El Salvador's 12-year civil war ended in 1992 with a peace agreement. The former guerrilla organization, the FMLN, became a political party and has participated in elections since 1994. There has been no political violence aimed at foreign investors, their businesses, or their property. However, general levels of crime, including gang activity and extortion, are high and a major concern to the business community.
Soliciting, offering, or accepting a bribe is a criminal act in El Salvador. The Attorney General has a special office, the Anticorruption and Complex Crimes Unit, which handles cases involving corruption by public officials and administrators. The Constitution also established the Court of Accounts that is charged with investigating public officials and entities and, when necessary, passing such cases to the Attorney General for prosecution. In 2005, the government issued a code of ethics for the executive-branch employees, including administrative enforcement mechanisms, and it established an Ethics Tribunal in 2006. El Salvador ratified the Inter-American Convention Against Corruption in 1998.
While improvements have been made, corruption remains a problem. When it occurs, corruption is usually at lower governmental levels. However, there have been some recent corruption scandals; one involved a member of the Legislative Assembly and another involved senior officials of the Salvadoran water authority, including its former president. There have also been credible complaints about judicial corruption, while another ongoing corruption scandal involves municipal governments and waste disposal contracting. There is an active, free press that reports on corruption.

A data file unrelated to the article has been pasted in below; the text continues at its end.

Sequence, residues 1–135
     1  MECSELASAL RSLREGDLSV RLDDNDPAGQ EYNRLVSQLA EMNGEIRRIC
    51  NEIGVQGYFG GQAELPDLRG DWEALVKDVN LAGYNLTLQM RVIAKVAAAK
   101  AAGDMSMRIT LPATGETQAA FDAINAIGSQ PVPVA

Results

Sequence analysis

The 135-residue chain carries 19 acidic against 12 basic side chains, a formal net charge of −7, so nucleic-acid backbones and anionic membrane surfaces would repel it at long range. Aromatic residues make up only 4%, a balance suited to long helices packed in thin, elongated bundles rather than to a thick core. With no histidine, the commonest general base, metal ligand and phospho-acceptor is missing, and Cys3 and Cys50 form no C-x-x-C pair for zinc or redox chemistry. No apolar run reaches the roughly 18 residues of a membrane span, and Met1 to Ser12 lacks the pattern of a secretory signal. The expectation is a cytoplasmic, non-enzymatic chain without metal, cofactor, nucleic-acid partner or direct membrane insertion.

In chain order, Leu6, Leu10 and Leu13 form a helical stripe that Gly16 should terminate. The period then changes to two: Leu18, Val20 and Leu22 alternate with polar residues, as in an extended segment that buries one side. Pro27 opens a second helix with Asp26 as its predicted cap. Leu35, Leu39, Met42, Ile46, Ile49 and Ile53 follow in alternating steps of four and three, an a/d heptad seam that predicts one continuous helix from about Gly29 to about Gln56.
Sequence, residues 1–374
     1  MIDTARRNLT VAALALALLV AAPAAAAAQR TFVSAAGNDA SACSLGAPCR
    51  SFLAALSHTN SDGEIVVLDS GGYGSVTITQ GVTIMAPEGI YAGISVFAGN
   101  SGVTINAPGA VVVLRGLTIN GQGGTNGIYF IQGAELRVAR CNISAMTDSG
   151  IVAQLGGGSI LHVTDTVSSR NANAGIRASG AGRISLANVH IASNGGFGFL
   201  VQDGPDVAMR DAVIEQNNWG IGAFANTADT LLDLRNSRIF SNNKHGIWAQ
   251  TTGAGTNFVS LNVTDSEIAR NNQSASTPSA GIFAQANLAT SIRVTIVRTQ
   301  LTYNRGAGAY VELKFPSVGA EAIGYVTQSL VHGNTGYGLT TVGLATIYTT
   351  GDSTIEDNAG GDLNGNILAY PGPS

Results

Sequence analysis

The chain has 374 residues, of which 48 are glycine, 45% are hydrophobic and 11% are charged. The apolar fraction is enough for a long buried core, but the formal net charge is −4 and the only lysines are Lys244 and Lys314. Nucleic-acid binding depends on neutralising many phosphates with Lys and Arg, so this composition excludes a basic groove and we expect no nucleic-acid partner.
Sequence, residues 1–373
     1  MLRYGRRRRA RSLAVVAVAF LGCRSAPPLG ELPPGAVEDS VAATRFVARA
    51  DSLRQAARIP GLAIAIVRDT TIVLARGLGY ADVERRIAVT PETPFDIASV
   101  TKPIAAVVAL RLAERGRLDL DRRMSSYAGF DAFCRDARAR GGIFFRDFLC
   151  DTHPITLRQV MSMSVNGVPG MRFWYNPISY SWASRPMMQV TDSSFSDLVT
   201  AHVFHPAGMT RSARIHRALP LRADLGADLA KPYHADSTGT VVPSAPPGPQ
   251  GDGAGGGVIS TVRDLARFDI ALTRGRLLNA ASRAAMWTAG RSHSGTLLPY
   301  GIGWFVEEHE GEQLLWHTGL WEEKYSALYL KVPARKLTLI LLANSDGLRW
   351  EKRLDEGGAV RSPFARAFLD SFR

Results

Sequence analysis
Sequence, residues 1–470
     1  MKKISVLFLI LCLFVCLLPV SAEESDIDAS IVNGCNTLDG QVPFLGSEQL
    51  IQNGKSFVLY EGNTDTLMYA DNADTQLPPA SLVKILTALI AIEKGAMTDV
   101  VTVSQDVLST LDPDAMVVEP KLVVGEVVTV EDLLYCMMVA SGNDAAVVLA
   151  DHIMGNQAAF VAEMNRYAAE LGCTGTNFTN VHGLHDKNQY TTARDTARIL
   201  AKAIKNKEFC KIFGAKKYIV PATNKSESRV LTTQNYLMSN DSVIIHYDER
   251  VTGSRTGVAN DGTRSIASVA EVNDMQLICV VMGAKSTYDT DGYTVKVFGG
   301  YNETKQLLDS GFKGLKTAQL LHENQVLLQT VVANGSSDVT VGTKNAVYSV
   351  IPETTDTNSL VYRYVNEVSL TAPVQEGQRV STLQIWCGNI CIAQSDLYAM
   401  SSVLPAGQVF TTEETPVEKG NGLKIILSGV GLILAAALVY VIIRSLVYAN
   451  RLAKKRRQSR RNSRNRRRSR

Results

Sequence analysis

Bilateral Investment Agreements and Free Trade Agreements
The United States - Central America – Dominican Republic Free Trade Agreement (CAFTA-DR) entered into force for the United States and El Salvador on March 1, 2006. For Honduras and Nicaragua it entered into force on April 1, 2006, for Guatemala on July 1, 2006, for the Dominican Republic on March 1, 2007, and for Costa Rica on January 1, 2009. CAFTA-DR's investment chapter provides protection to most categories of investment, including enterprises, debt, concessions, contract, and intellectual property. U.S. investors enjoy, in almost all circumstances, the right to establish, acquire, and operate investments in El Salvador on an equal footing with local investors. Among the rights afforded to U.S. investors are due process protection and the right to receive a fair market value for property in the event of an expropriation. Investor rights are protected under CAFTA-DR by an effective, impartial procedure for dispute settlement that is fully transparent and open to the public.
El Salvador also negotiated trade agreements with Colombia and Taiwan and is negotiating a trade agreement with Canada; these agreements will contain investment provisions. El Salvador, with the other Central American countries, is also negotiating an Association Agreement with the European Union that will include the establishment of a Free Trade Area. The five Central American Common Market countries, which include El Salvador, have an investment treaty among themselves. In addition, the free trade agreements that El Salvador has with Mexico, Chile, and Panama include investment provisions.
OPIC and Other Investment Insurance Programs
OPIC insures against currency inconvertibility, expropriation, and civil strife and can also provide corporate project financing and special financing oriented to small business. The Overseas Private Investment Corporation (OPIC) has a bilateral agreement with El Salvador that requires the Government of El Salvador to approve all insurance applications. A new agreement is being negotiated that will eliminate this requirement. In 2006, OPIC signed an agreement with the National Investment Promotion Agency of El Salvador (PROESA) to improve outreach to U.S. small business investors in El Salvador. Because El Salvador uses the U.S. dollar, full inconvertibility insurance may be unnecessary, but investors do insure against inability to transfer funds. El Salvador is a member of the Multilateral Investment Guarantee Agency (MIGA).